Security Fundamentals: Maintaining Network Availability
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By Edward J. Hawkins, II
This is the third of three articles on security fundamentals.
Availability is probably one of the more convoluted security goals in the CIA Triad. This is due to its position in terms of security. If confidentiality and integrity are removed from the security equation, then availability provides unrestricted access to an organization’s information technology (IT) assets.
But what is the definition of availability in terms of security goals? One definition that business and IT security experts Jake Kouns and Daniel Minoli provide is the “maintaining [of] unimpeded access 100% of the time to all IT assets [while protecting] against blockage, limitation or diminution of benefit from an asset that is owned.”
In other words, an organization’s employees should have access to their IT assets anytime that access is required. What this definition does not state is who precisely should have access to IT assets; authorized users need to be explicitly identified. Unauthorized users, inside or outside, of a company should not have access to organizational assets.
At the same time, there needs to be a balance in how an organization implements its security measures. This is a core concept for developing and deploying security measures due to the nature of denial of service (DoS) attacks.
Denial of Service attacks are the last resort of threat actors who have failed in all other attempts to gain unauthorized access. This leads to the attacker mindset of “If I cannot have access to the IT resource, then no one will.”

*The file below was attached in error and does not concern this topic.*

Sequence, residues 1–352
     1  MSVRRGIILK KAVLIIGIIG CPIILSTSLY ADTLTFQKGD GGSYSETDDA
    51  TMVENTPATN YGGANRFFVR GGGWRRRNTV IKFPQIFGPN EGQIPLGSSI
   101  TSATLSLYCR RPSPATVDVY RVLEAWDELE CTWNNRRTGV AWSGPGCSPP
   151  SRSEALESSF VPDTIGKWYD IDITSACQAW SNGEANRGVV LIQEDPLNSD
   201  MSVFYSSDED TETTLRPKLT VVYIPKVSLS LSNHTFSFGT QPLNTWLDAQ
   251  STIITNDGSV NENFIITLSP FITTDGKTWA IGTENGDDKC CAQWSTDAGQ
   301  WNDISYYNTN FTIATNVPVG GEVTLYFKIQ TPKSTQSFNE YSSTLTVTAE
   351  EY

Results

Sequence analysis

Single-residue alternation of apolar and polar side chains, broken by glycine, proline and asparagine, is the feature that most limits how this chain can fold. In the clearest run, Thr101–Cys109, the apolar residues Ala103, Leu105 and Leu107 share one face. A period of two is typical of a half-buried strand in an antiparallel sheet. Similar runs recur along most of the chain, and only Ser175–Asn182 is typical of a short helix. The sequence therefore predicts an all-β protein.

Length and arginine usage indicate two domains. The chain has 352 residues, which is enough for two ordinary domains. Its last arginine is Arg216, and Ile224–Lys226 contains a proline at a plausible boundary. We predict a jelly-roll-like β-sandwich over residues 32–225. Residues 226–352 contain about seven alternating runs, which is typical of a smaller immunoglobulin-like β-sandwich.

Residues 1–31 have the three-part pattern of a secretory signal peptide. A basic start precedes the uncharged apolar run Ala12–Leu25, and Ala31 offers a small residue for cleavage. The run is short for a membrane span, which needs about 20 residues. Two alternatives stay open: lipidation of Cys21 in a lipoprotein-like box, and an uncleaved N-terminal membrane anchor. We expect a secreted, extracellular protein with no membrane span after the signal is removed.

For network administrators, implementing the security goal of availability is simple when it comes to network environments. However, in home-based environments, maintaining availability and security can be a challenge that the average user may not want or understand.
While at a computer sales store years ago, for example, I was in the networking section of a popular retailer. I overheard a salesman trying to sell a very robust wireless router to an older woman who was looking for a hub.
Knowing how to configure routers for secure access, I asked the salesman if the retailer provided an in-home installation and configuration service for such a device due to the complexity involved in configuring it. The salesman soon scurried away. The store did not offer such a service, nor were they interested in educating their customers in what was required to ensure a secure environment after installation.
All the woman needed was to share access among a few devices in her home and creating functionality was the right answer for her needs. Fortunately, hubs are not available today due to their security vulnerabilities and other security violation issues that they create. I finished helping the woman and went on my way.
Home Users Are at a Disadvantage in Regard to Availability